âFaith,â writes the Pope, âgives life a new basis, a new foundation on which we can stand, one which relativizes the habitual foundation, the reliability of material income.â
Does Modern Society Want Eternal Life?
Not content to remain at the level of the abstract, Benedict XVI turns his focus to modern Christian life. The pontiff asks several crucial questions: How do we experience the Christian faith in our lives? Is it a âlife-changing and life-sustaining hope?â Even more importantly, âdo we really want thisâto live eternally?â
âPerhaps many people reject the faith today simply because they do not find the prospect of eternal life attractive,â he speculates. âWhat they desire is not eternal life at all, but this present life, for which faith in eternal life seems something of an impediment. To continue living for everâendlesslyâappears more like a curse than a gift.â
Consequently, âthere is a contradiction in our attitude, which points to an inner contradiction in our very existence,â the Pope notes. âOn the one hand, we do not want to die; above all, those who love us do not want us to die. Yet on the other hand, neither do we want to continue living indefinitely, nor was the earth created with that in view. So what do we really want?â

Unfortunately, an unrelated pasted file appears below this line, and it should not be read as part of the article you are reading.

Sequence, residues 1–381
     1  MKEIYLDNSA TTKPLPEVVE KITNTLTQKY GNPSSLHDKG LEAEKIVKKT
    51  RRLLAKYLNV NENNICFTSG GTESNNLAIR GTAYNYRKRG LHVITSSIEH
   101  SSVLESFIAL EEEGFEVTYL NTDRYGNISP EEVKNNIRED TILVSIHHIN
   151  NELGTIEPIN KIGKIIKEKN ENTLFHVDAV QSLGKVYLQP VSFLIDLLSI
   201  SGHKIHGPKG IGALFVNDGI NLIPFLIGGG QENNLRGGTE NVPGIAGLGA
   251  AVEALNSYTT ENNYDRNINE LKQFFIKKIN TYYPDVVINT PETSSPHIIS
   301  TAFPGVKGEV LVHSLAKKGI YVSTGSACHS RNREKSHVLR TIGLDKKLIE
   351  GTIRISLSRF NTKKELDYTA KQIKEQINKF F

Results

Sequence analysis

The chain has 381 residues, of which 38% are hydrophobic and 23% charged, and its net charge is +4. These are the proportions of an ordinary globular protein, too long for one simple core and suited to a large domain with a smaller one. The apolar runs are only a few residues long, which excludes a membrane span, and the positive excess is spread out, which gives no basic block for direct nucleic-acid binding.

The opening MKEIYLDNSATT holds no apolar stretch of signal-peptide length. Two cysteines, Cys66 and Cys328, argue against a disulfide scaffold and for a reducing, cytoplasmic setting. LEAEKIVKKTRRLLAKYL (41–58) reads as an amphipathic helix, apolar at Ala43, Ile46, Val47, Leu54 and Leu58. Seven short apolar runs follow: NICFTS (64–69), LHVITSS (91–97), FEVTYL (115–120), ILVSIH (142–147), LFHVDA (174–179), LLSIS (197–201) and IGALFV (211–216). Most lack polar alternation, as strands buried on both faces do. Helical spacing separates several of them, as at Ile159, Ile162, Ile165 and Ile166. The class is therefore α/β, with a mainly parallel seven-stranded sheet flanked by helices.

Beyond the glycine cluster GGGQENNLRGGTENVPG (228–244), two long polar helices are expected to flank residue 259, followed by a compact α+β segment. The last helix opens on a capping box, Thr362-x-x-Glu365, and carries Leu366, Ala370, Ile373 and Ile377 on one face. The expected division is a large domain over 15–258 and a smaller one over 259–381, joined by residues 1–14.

To answer to this deep question, âSpe Salviâ turns to St. Augustine, who says that âultimately we want only one thingââthe blessed lifeâ, the life which is simply life, simply âhappinessâ.â
The transformation of Christian faith-hope in the modern age
The Holy Father begins his look at the modern Christian understanding of hope by asking, is Christian hope individualistic? In other words, does a personâs salvation depend only on their personal life, or does it hinge upon our service of others too.
Lamenting the âpersonalizationâ of salvation, the Pope asks, âHow did we arrive at this interpretation of the âsalvation of the soulâ as a flight from responsibility for the whole, and how did we come to conceive the Christian project as a selfish search for salvation which rejects the idea of serving others?â
Moreover, âthis programmatic vision has determined the trajectory of modern times and it also shapes the present-day crisis of faith which is essentially a crisis of Christian hope,â says the Pope.
Over the ensuing years, âthe ideology of progress developed further, joy at visible advances in human potential remained a continuing confirmation of faith in progress as such,â the encyclical states.